According to yesterday's Dominion Post, "Architects [are] in uproar over [the] Supreme Court building". What, all of them? Well, if you combine that article with one from last November, a total of three architectural lecturers have actually said they oppose the design, and another has spoken out against the process. I'm not close enough to the architectural community to know whether that's the general consensus, but I don't think that it quite constitutes an uproar.
My first and second thoughts on the design were vaguely positive, but I have to admit I'm less so now. I don't agree with Judi Keith-Brown that it's "quite horrible and a real lemon", or with Peter Cresswell that it's "supreme crap": it's just a bit underwhelming for what should be a building of national importance. It would actually make a very pleasant suburban library, of the sort that Warren and Mahoney are getting a name for, or a small low-rise commercial building with considerably more élan than usual. It would sit very nicely in Wanganui, and as someone once pointed out to me, something remarkably similar already does. But it doesn't say "Supreme Court" to me.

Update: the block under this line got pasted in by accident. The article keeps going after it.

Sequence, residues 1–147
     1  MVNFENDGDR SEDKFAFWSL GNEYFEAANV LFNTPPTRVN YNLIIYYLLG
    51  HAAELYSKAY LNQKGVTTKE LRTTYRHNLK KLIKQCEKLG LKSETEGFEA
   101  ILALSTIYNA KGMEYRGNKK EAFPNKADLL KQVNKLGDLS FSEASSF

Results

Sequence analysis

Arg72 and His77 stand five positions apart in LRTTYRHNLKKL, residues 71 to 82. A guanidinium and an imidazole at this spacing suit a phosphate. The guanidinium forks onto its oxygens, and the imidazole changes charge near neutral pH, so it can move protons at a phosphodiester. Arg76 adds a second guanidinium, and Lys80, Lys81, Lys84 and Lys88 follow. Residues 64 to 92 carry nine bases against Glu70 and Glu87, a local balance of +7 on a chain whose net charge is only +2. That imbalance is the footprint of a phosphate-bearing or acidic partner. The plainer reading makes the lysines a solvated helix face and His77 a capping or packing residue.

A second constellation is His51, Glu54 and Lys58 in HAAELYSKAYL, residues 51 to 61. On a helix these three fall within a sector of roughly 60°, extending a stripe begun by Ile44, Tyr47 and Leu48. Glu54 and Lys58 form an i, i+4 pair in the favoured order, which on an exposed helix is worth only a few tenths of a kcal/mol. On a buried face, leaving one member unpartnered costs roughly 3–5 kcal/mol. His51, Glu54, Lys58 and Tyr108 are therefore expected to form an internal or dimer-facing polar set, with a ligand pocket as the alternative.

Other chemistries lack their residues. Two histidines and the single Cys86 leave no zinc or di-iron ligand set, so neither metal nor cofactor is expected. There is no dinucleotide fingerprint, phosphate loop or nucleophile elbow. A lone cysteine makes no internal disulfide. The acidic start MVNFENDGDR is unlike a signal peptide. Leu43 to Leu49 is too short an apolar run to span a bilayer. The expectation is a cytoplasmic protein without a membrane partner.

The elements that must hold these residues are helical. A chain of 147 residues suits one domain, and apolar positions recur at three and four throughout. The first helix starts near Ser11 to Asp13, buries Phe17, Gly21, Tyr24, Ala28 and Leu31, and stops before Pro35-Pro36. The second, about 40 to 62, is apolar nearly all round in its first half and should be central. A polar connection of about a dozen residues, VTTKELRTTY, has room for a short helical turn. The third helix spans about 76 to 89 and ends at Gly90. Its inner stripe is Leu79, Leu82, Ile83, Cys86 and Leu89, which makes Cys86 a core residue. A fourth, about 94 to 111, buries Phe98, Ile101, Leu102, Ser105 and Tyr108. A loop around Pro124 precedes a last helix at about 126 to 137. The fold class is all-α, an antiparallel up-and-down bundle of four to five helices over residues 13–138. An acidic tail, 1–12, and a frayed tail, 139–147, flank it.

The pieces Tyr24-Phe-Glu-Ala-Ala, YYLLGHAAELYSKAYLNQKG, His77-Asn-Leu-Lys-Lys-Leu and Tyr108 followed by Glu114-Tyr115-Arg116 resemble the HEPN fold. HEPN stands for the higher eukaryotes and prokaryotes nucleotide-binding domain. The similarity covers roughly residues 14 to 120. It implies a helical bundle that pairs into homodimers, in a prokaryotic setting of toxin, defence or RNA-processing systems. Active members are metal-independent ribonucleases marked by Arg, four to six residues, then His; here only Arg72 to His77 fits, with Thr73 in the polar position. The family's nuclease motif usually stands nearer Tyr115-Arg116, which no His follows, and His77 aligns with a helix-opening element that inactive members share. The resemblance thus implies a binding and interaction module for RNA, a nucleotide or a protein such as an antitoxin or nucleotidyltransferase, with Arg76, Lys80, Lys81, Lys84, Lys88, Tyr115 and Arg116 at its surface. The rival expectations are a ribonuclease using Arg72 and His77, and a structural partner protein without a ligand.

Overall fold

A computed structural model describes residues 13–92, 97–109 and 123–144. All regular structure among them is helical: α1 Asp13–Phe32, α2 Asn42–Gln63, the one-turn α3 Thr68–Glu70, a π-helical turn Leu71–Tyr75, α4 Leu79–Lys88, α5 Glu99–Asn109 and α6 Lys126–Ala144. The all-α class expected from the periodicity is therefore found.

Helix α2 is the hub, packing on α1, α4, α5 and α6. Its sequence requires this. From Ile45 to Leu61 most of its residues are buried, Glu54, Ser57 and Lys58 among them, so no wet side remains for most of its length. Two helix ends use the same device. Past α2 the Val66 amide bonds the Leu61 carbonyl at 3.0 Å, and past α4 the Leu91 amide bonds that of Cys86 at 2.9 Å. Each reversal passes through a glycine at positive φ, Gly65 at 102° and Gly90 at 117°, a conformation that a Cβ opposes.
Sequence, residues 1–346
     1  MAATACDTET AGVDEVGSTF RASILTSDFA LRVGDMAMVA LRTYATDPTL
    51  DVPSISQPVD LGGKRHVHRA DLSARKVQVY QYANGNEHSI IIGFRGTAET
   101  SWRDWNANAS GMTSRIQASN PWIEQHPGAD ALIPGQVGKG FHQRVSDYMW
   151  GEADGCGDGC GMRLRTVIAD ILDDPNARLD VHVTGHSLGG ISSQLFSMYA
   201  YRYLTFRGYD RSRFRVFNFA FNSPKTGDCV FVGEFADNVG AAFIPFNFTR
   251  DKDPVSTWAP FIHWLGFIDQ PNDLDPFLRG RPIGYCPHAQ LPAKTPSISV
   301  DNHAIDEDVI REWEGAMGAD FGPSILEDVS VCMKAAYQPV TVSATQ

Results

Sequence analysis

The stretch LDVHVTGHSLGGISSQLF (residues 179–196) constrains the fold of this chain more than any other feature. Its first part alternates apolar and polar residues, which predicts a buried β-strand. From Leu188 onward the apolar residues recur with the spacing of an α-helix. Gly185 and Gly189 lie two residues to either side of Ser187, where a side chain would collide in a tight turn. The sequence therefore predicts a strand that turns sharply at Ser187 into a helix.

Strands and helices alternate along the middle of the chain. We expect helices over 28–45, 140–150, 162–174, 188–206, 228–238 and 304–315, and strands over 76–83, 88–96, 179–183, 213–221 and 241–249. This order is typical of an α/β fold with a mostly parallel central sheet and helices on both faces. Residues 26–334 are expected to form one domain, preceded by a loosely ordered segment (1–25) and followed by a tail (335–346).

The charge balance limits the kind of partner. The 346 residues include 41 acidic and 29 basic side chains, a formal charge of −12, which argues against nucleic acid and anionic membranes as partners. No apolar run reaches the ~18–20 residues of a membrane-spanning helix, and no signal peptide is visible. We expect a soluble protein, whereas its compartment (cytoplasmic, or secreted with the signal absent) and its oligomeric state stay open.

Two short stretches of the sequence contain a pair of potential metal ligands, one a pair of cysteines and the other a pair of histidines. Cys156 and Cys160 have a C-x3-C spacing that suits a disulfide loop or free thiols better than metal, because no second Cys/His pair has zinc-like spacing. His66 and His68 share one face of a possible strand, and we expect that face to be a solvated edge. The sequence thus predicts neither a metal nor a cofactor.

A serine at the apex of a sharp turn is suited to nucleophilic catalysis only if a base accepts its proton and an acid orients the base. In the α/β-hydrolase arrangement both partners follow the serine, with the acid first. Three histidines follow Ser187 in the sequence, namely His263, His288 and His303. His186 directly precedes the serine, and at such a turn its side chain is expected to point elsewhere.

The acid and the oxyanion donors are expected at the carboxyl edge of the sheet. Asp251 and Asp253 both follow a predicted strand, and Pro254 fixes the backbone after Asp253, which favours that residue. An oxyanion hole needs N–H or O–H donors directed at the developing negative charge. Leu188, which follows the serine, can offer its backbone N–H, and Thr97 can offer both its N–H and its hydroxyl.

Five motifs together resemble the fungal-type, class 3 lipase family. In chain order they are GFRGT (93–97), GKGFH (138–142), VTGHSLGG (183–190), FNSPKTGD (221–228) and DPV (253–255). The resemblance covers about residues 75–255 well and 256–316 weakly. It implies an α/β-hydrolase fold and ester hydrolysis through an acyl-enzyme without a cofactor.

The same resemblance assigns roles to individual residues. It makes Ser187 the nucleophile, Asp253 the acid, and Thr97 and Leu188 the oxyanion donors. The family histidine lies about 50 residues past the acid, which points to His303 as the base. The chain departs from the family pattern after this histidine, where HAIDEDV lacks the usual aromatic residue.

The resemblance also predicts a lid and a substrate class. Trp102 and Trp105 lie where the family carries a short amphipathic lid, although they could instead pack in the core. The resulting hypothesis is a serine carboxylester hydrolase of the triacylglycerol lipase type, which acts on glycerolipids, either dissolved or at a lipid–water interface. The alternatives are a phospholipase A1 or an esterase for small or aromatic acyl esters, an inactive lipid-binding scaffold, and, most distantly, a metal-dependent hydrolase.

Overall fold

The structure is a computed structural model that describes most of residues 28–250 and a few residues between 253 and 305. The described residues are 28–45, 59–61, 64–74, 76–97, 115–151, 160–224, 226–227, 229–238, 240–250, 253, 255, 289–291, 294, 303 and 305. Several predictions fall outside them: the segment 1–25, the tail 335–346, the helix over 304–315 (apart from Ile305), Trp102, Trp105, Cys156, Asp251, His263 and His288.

My objections are at the opposite end of the spectrum from Keith-Brown's: she says it's too big, but I believe it's too timid and deferential to the old building, and it needs to respond much more boldly to Lambton Quay and the Beehive. I think I can see where W&M were coming from by designing the courtroom itself as a sculptural ovoid clad in rich materials, but surrounded by a transparent rectangular box so that it fits the urban grid. But the ovoid is too small, and the box not transparent enough due to the heavy copper screen, so that from most angles it appears that the most interesting parts would disappear from public view, leaving the impression of a tame and conventional building. As for the park: it was always intended to be temporary, and as I said nearly a year ago when the site was announced, it has never been particularly good. Besides, with its proximity to Parliament grounds, the Government Building gardens and the forecourts of Rutherford House and the Railway Station, this is a part of town that doesn't lack for green space.
Where I do agree wholeheartedly with the objections is that this should have been the subject of a competition. A Supreme Court isn't just a courtroom and judges' chambers, but a national symbol. A competition, possibly international, would have made it less likely for the process to be dominated by the judges and the Historic Places Trust. This design will result in a decent building, but the purpose and the location call for something much more.